Tiffany Tsao’s The Majesties goes deeper into that cultural milieu. The novel, which mines psychological tension from the wealthy Sulinado siblings’ refusal to acknowledge the narrowness of their experience, is haunted by a specific historical event: anti-Chinese pogroms that swept Jakarta in 1998, in the wake of the Asian financial crisis. Describing the traumatic incidents she sees on the news, Gwendolyn tells the reader that “our businesses and homes” were torched, “our men were beaten, our women raped.” Yet, in the next paragraph, she all but confesses that her account is flawed, since the victims were “small-time shopkeepers,” whom she characterises as literally a different breed from “the filthy rich like us.”
In one scene in The Majesties, narrator Gwendolyn recounts how, as international students at Berkeley, she and her sister Estella are both reluctant and ultimately unable to explain the difference in Indonesian and American racial stereotypes about Chinese to a Chinese American classmate, Ray. On his part, Ray decides that being “snooty,” “shady,” and “hella rich” make Chinese Indonesians “pretty badass” and “positively gangsta”—the same erroneous conclusion that animated the embrace of the hit movie Crazy Rich Asians.
Indeed, The Majesties can easily be read as a politically sharp and aesthetically sophisticated rebuttal to Kevin Kwan’s 2013 book, on which the Hollywood spectacle was based, and which a museum exhibit in Kwan’s birthplace of Singapore recently summarised as drawing “criticism for misrepresenting Singapore’s diversity and socioeconomic inequality.” In Crazy Rich Asians, the unreliable narrator and the text, which valorise the lifestyles of ultra-wealthy Singaporean Chinese families, are perhaps at their most honest when they repeatedly acknowledge the prejudice against “Mainland Chinese” held by “Overseas Chinese.” However, without the narrative interventions that The Majesties employs, Crazy Rich Asians can only ventriloquise Ray’s superficial understanding of Southeast Asian Chinese positionality, which ignores entanglements of race, class, and power.
Given the popular link between Chinese ethnicity and capital and commerce, the associations between Chineseness, national belonging, class status, and power and privilege are just as fraught elsewhere, as illustrated by the Cambodian American response to Loung Ung’s First They Killed My Father. Ung’s account of her childhood under the Khmer Rouge regime was accused of cultural inauthenticity, which some critics suggested panders to the preference of Western readers.
Part of that charge against the book turns on Ung’s narrative motif of a red chiffon dress that “Ma made for me for the New Year celebration,” which refers to a distinctly Chinese custom. Ung’s text also calls significant attention to the supposed physical and cultural difference between ethnic Chinese and ethnic Khmer individuals and communities—an emphasis that prompted reviewer Sopheap Keo to describe herself as “betrayed and belittled” by a work where “Loung’s conceit about her Chinese descent is extremely high and both self-serving and ignorant.”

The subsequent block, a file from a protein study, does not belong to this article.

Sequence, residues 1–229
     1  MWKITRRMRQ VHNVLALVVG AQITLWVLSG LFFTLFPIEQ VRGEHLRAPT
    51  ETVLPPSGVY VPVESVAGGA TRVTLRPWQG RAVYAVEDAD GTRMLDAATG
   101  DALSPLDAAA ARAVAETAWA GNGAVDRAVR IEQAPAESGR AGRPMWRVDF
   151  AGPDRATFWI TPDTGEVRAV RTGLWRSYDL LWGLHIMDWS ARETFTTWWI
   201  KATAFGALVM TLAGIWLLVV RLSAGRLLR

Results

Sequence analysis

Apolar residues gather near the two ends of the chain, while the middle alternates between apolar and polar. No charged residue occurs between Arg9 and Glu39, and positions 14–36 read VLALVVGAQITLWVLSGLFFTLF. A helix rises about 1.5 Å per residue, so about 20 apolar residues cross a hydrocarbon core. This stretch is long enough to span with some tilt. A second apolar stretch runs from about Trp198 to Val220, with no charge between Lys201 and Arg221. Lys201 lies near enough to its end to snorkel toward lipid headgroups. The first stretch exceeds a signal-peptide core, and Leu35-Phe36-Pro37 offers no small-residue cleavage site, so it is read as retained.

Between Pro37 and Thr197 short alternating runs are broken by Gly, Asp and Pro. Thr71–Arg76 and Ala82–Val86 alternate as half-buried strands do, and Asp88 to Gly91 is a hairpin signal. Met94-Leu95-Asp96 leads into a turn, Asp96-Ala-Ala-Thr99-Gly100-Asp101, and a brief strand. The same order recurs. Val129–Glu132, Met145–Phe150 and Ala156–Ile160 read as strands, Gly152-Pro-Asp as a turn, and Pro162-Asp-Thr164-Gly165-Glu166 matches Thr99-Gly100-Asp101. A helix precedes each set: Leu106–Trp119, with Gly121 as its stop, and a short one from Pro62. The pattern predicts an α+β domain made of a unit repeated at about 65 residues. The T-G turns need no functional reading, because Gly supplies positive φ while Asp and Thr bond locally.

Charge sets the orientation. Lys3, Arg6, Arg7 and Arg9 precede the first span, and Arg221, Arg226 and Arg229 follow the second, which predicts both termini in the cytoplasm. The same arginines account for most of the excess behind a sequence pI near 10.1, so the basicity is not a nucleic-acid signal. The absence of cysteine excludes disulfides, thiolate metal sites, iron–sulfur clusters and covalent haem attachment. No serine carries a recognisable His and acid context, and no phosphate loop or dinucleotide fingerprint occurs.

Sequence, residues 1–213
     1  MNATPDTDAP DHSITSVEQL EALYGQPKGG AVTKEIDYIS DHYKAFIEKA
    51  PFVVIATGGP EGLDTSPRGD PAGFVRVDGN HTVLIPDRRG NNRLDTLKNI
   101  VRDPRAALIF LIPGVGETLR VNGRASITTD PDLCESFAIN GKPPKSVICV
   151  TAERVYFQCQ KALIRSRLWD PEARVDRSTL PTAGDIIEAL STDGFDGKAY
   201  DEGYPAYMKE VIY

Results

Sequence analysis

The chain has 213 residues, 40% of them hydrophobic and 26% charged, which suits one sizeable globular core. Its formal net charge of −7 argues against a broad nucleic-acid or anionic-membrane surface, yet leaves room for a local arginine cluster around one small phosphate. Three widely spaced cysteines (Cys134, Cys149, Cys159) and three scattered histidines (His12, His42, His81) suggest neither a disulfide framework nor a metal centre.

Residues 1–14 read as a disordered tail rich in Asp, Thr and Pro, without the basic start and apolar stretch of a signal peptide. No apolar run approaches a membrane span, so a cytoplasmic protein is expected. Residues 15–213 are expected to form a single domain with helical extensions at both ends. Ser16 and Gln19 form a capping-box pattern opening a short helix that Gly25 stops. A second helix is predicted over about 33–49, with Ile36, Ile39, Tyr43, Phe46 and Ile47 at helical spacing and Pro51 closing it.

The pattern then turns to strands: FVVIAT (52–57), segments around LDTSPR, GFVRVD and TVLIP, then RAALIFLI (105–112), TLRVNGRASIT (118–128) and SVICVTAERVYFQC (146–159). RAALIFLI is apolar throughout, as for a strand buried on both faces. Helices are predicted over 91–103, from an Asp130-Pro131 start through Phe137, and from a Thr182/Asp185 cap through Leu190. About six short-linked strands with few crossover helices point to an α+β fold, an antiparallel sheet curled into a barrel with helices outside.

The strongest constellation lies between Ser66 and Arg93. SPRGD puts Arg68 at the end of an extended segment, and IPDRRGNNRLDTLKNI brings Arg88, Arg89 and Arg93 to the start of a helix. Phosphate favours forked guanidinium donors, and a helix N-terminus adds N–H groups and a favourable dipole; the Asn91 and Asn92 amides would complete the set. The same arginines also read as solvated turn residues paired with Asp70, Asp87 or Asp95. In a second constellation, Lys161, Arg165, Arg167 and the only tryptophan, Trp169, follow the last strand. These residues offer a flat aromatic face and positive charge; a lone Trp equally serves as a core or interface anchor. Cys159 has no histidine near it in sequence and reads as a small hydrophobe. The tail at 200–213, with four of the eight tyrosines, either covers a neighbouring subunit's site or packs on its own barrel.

Summarising the controversy, literary scholar Bunkong Tuon asks, “If testimonial literature as a discourse requires that the writer occupy the same subject position as the people for whom she claims to speak, then does Ung, who is of Chinese-Khmer descent and connected to an urban elite whom many Khmers hold responsible for the corruption of Cambodia, have the right to represent its people?”
He concludes in his essay “Inaccuracy and Testimonial Literature” that First They Killed My Father has a “rightful place in the body of Cambodian American texts marking this painful period in Cambodian history,” on the basis of its “emotional truth,” but concedes in the footnotes that “only time will tell whether Cambodian Americans will finally accept her as a spokesperson.”
Between shopkeeper and tycoon, Southeast Asian Chinese experiences are not uniform. The category of Southeast Asian Chinese American is also heterogeneous, encompassing a variety of personal histories and push-pull factors for migration.
Tsao, who now lives in Australia, was born in San Diego and grew up in Singapore and Indonesia. Fiona Cheong, like the Penang-born Shirley Lim and many other Asian American writers, relocated to attend university, then stayed. The immigration process is difficult on multiple levels: Edge Case, a novel by Taiping-born expatriate YZ Chin, documents the psychic toll that navigating visa bureaucracy takes on an interracial Malaysian couple in the tech industry, while sociologist Aihwa Ong, an Asian American born in Penang, writes frankly of how the gap between her arrival as a student in 1970 and her naturalisation in 1987 was shaped by her assessment that “the bombing of Cambodia, symptomatic of a wider disregard for my part of the world, made American citizenship a difficult moral issue for me.”
Yet, as this quote from Ong suggests, a significant body of Southeast Asian Chinese American work was produced—not by U.S.-born authors or professional émigrés— but by refugees from the Indochina wars writing under material conditions that Mariam B. Lam attributes to Southeast Asian American literature more broadly: it “grew historically out of Cold War refugee and immigration demographic shifts that affected the canonical expansion of Asian American literature.”